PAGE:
The simplicity in this way of thinking is that it acknowledges that no one else is going to take responsibility for their Principal’s safety and security while they are in or around their vehicle or devote the time and energy it takes to ensure that those risks have been adequately addressed. Quite frankly, that is the way it should be. The complexity comes from recognizing that regardless of what the Security Driver’s priorities are, there is a balance that must be maintained between those and all sorts of competing priorities, most of which are brought to the table by the Principal themselves. Doing just that, it is one of the most important aspects of the driver’s job, and often the most difficult to accomplish. But if the job were easy everybody would do it (and if it were any harder, no one would).
The professional Security Driver’s mindset embraces three universal truths:
- Everything is safety and security related, from where the vehicle is staged and which seat the Principal sits in, to how many people have access to the trip itinerary or schedule, and whether the vehicle’s tire pressures have been checked. All these things – and quite a few more – have the potential to impact the Principal’s safety and security, either positively or negatively.
- There is no “One Size Fits All” solutionto any of the issues or challenges the driver may face at any given time, or on any given day. But there should be no doubt that when the defecation hits the vertical rotary oscillator (corporate speak for the s**t hitting the fan) during a movement, everyone from the Principal to the Security Director will be relying on the driver to come up with a solution to the problem. It is those times when the “textbook” solution becomes far less important than providing a timely solution; and that solution does not have to be pretty, it just has to work.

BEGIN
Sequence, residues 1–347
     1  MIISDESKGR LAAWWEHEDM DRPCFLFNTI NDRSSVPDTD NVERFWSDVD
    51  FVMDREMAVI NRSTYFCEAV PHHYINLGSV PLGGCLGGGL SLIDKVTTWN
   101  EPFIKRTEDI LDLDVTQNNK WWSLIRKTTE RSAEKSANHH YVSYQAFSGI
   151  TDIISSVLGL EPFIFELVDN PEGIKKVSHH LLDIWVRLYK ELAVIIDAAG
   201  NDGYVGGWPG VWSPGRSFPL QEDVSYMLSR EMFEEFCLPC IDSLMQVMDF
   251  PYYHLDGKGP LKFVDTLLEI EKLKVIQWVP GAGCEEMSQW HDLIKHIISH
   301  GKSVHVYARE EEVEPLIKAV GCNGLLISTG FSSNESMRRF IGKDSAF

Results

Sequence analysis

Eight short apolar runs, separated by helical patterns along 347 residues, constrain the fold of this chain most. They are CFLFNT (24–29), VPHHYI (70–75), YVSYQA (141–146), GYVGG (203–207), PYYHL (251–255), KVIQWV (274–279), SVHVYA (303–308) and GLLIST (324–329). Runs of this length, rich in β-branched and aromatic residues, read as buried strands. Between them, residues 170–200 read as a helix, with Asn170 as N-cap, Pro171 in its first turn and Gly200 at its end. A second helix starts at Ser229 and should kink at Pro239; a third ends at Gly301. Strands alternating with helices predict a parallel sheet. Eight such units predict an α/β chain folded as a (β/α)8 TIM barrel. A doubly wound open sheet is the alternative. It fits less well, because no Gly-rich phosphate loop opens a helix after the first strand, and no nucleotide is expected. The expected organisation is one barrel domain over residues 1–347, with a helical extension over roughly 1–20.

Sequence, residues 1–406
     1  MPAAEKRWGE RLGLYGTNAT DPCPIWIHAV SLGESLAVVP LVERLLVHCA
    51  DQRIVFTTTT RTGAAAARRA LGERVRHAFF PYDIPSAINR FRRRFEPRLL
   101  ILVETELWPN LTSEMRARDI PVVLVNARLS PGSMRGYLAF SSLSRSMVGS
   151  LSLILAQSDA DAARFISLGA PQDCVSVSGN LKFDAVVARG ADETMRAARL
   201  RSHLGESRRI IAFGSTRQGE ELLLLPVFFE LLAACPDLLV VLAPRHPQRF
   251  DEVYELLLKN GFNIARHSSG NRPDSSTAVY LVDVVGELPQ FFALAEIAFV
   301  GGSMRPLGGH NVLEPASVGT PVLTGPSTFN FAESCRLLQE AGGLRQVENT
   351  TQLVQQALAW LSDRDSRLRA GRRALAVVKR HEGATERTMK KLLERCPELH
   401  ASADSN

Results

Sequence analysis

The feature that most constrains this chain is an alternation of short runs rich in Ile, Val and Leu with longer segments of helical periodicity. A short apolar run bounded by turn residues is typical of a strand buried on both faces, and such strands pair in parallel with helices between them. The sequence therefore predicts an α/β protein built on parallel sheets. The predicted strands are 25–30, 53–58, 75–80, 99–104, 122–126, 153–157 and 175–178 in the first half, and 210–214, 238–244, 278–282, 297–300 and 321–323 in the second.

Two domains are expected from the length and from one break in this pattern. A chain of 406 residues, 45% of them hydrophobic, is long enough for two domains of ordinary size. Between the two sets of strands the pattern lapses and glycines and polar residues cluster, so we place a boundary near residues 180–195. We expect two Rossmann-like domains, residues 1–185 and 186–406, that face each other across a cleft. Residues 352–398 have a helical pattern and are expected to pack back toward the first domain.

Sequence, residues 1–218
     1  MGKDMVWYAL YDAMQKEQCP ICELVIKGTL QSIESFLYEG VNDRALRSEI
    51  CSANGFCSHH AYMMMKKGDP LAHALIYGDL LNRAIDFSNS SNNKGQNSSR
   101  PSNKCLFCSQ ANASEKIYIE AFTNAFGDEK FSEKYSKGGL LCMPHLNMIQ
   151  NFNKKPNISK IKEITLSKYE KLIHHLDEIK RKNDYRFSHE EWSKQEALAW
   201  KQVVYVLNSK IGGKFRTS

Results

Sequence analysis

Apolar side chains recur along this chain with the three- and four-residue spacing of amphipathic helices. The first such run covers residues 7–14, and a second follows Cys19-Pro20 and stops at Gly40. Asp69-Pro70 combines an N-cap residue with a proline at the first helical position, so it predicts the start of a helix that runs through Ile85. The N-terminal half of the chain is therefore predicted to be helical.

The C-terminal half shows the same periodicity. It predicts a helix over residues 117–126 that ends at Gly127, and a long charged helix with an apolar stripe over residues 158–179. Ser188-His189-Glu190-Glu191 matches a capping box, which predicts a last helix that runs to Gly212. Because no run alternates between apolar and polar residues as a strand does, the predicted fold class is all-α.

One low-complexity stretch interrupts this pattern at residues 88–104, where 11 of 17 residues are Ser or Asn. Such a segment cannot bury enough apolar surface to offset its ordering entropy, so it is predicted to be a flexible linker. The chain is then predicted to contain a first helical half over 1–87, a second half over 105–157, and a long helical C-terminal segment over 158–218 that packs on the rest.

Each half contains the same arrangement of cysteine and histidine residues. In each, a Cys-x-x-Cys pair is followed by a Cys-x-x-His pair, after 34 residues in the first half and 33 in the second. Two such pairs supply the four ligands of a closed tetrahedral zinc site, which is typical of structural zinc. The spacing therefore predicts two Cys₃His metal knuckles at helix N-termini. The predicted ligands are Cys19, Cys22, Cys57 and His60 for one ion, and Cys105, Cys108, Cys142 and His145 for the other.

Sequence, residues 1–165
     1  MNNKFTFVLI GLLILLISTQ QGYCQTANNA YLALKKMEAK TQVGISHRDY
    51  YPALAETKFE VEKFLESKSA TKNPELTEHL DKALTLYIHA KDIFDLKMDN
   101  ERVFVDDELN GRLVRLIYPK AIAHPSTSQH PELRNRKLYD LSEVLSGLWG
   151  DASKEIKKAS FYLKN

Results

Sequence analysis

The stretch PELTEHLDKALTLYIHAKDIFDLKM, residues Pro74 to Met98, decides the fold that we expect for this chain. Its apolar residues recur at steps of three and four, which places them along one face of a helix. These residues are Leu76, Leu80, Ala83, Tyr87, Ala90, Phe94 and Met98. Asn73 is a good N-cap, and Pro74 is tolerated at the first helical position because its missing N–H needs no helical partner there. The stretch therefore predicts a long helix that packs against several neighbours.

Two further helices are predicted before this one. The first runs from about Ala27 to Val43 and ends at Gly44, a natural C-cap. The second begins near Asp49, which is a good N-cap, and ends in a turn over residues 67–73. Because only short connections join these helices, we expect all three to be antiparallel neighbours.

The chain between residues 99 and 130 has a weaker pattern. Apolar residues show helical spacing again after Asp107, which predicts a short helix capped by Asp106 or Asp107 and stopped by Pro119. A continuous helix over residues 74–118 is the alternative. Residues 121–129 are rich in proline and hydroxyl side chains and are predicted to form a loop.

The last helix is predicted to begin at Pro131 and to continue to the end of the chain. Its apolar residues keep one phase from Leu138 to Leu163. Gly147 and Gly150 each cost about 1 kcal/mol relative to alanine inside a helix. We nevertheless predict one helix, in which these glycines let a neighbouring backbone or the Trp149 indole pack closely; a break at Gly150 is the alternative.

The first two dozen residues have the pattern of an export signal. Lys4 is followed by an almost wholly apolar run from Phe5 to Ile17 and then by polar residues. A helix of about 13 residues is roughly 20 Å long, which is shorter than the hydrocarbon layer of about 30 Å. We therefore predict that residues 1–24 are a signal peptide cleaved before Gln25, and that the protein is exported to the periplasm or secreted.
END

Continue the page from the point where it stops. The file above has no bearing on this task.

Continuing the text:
- There are many small details, but none of them are unimportant. From how the driver adjusts his or her seat and the route selected for the movement, to the brand of beverage in the cup holder and the vehicle’s interior temperature, attention to detail must never take a backseat to anything else and should never be left up to anyone else. As trivial as some of the details may seem at the time, just one oversight can damage the driver’s credibility…and restoring it takes more time and energy than paying attention to detail in the first place.
- The compensation received for routine days is merely an installment payment. While for a professional Security Driver the definition of a “routine day” may be hard to pin down, the day – or days – when that defection is hitting the vertical rotary oscillator at a furious pace and most everyone else is just worried about not getting any on their shirt and tie or shoes, is when the driver earns every penny of their pay.